March 6, 2020
Cropwatch South – February 2020
Prioritisation, patience and field-by-field flexibility will be vital this spring as yet another wet and windy week leads jobs to stack-up more and more.
The vast majority of our rape and none of our winter cereals have had their nitrogen yet. Spring weed control will be essential for many. Very flinty ground needs a good roll. And a big area of spring drilling hangs over everything.
A good proportion of downland and drastic action to make the most of a brief late November/early December window – bringing-in contactors, hiring/purchasing alternative drill types means we have around 85% of our planned winter cereal acreage drilled. What’s more, most of it had a residual herbicide at peri- if not pre-em.
We’ve been pleasantly surprised how well our late-sown crops are coping – above ground, at least. Careful field-by-field nurturing will be essential, though, to help them get more roots down before the ground hardens, tiller for as long as possible and resist what could be significant lodging pressures given the high seed rates used and poor root development.
Our key priority is N for the wheats. With time racing by and workloads critical, this will be 70-80kg/ha rather than the 40kg/ha early drip-feeding we prefer. It will be supported with phosphite, manganese and zinc, and a low temperature-active PGR as early as possible.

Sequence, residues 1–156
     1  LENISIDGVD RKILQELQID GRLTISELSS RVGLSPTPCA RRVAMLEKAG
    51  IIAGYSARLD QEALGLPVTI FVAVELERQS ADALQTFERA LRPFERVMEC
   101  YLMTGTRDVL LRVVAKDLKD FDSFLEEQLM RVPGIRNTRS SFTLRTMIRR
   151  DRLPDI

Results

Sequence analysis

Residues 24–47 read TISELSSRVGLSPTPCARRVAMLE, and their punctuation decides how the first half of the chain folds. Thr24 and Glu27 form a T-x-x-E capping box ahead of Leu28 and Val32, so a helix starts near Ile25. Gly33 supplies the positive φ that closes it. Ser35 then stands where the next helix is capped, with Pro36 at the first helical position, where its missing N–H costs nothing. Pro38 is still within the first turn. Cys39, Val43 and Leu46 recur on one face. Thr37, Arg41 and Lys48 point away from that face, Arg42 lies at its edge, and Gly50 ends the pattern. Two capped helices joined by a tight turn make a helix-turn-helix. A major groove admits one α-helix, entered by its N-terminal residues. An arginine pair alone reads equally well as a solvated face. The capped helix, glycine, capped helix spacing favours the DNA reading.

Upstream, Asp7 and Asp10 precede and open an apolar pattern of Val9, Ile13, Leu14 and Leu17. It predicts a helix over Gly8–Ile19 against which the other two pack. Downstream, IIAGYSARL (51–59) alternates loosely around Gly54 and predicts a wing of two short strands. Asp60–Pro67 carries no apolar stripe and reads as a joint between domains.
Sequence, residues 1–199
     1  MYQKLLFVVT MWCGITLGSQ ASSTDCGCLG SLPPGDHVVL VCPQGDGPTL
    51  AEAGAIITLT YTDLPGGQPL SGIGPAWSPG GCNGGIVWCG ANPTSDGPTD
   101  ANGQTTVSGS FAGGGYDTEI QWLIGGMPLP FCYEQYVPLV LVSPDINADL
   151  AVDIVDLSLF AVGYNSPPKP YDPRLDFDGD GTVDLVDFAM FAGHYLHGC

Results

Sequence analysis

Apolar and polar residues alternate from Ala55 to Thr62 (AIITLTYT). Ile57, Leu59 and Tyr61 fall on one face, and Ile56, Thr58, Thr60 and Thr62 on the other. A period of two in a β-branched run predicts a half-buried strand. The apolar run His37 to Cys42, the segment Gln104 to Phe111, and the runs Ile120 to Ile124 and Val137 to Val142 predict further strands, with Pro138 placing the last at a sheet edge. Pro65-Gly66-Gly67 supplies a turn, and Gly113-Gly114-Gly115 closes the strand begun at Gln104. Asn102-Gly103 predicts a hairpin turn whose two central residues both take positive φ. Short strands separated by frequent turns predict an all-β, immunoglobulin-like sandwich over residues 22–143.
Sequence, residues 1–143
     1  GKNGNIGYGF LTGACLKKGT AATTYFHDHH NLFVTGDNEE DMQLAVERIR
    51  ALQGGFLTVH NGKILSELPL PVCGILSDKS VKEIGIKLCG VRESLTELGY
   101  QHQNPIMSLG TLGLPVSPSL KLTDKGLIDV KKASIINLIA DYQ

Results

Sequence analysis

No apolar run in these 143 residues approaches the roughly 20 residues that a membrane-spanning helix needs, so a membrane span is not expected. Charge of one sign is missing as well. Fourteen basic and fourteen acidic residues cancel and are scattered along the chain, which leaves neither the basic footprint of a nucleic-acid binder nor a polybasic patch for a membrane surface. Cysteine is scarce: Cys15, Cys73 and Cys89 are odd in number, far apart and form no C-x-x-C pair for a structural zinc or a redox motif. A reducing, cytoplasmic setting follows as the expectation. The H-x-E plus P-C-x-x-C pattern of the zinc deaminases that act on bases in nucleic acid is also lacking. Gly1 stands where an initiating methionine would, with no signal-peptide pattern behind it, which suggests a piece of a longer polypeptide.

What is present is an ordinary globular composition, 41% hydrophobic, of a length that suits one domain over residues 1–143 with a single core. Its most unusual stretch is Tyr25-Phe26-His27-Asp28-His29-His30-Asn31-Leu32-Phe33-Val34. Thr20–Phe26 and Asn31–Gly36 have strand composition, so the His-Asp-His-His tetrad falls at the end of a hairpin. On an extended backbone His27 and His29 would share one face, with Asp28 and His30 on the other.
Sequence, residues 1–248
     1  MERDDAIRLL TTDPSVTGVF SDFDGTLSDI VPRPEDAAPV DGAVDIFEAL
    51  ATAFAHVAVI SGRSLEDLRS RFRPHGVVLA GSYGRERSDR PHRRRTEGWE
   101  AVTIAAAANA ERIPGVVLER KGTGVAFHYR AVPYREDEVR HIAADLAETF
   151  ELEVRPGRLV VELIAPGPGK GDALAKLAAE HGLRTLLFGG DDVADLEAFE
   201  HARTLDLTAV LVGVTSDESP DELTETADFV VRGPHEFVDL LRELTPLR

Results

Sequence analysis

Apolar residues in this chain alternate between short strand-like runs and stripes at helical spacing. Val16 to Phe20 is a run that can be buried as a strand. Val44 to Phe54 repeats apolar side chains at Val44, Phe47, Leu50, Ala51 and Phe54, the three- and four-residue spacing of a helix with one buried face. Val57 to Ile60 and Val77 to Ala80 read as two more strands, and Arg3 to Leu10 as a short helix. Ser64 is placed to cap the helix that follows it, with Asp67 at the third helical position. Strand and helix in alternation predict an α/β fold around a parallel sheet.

Persistent water-logging has been the last straw for some of our OSR. Even so, we’ve been able to bring all but 10-15% of our plantings through to the spring, thanks to attention to detail in establishment and fast-developing varieties. Because we deliberately didn’t drill early, we’ve yet to find large numbers of flea beetle larvae either.
Wherever canopy development is reasonable, the rape will be taking the back seat for spring attention. Apart from needing nitrogen, it’s in not in a bad place as we included any fungicide that couldn’t go on in the autumn – together with an insecticide to help reduce the beetle larvae burden and both boron and molybdenum – with the propyzamide in January.
Patience with spring barley drilling will be important to allow us to get the most critical winter crop work done as well as ensuring seedbeds in the best possible condition.
Where we managed to do our primary cultivation before Christmas, our lighter soils should only require a tickle to set them up. Although our winter cover crops struggled to get going, the ground under them is in far better condition than heavier land intended for wheat which has remained bare all winter and is our biggest concern.
Barley can be sown into late April. But we won’t be shy of giving any fields we have any doubt about the reset of a summer cover rather than risk perpetuating problems with a late harvest and poor black-grass control, in particular.